Thursday

We visited the Oak Tower data center, checked out lines of sight, and installed the access point end of our 3.65GHz point-to-point link (without working uplink at this time), and then confirmed link-level connectivity from an outdoors site just a couple blocks away.

Thursday we continued experimenting with qmp a bit, including running a build for the Netgear WNDR3800 router hardware.

We also made a brief visit to the Hammerspace hackerspace in Kansas City, where Isaac gave a quick talk introducing the FNF.

Friday

We got some very helpful feedback from the qmp developers (via mailing list), which helped us choose functioning settings for the "community" mode of qmp (still needed to restart bmx6 manually on the nodes themselves after reboot).

In the afternoon we drove around Kansas City checking line of sight and link-level connectivity and throughput to the Oak Tower radio (which still did not have uplink). In the evening we returned to the Oak Tower data center and after a few hours of crude hacking got the 3.65GHz radio link functioning as a layer 2 bridge to the main FNF router, which provided DHCPv4 and NAT to the internet as a temporary work around.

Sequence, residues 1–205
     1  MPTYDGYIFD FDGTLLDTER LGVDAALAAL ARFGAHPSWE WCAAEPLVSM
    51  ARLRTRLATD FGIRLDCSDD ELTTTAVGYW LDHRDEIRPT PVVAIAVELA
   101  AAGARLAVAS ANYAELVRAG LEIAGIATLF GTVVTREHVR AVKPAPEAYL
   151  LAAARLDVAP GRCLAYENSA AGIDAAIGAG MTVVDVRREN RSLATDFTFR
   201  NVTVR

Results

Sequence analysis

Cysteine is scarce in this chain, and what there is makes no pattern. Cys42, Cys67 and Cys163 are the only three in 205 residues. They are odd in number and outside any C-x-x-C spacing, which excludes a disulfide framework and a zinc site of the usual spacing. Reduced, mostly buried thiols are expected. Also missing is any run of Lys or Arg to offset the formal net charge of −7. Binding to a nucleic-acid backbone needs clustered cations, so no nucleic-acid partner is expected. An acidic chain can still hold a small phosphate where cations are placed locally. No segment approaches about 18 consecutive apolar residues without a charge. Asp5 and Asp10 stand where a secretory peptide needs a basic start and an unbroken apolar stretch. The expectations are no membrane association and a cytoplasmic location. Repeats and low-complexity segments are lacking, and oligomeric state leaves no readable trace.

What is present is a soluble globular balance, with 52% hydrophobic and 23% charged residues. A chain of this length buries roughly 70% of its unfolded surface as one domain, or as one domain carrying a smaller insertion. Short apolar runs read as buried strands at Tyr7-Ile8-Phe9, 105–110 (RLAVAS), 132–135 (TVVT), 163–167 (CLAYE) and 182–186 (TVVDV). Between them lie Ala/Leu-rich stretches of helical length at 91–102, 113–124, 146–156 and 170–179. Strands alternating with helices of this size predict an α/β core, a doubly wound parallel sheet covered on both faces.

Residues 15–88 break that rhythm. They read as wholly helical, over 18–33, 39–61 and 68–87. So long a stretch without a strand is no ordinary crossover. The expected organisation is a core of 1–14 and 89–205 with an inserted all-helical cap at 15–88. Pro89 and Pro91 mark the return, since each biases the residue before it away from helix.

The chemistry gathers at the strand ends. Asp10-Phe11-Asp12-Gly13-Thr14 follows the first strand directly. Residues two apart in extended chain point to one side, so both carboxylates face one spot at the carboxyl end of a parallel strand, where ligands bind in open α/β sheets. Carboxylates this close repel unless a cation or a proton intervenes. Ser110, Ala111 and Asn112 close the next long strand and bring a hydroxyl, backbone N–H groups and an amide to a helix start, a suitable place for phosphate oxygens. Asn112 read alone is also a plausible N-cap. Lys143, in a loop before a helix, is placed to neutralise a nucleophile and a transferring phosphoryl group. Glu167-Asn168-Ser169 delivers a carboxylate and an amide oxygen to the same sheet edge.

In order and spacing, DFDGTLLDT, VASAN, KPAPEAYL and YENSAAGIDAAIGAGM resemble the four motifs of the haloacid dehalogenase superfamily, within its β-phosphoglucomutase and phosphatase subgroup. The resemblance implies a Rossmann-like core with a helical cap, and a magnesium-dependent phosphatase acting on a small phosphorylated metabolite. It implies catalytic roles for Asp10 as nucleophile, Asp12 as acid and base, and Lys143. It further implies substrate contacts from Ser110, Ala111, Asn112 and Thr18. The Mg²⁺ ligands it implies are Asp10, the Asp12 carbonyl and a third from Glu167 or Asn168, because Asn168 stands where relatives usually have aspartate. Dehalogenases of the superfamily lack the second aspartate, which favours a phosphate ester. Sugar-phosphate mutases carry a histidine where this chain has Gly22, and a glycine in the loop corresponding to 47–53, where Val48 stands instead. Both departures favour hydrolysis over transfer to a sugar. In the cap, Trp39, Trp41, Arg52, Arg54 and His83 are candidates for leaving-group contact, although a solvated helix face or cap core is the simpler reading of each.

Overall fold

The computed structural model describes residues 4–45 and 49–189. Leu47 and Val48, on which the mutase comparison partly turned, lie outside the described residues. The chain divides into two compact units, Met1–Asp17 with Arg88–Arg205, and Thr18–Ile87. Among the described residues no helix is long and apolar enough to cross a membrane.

Saturday

On Saturday morning we only had an hour or two of free time, but we were able to drive out and successfully test internet connectivity at a park location several kilometers from Oak Tower. We used the 3.65GHz link plus a single-hop qmp community mode mesh to a laptop. There wasn't time to set up more hops, align the radios for a best-case bandwidth test, or attach a FreedomBox at the edge, but we were very excited to confirm that the link worked at this distance, easily streaming HTML5 video from http://freenetworkfoundation.org!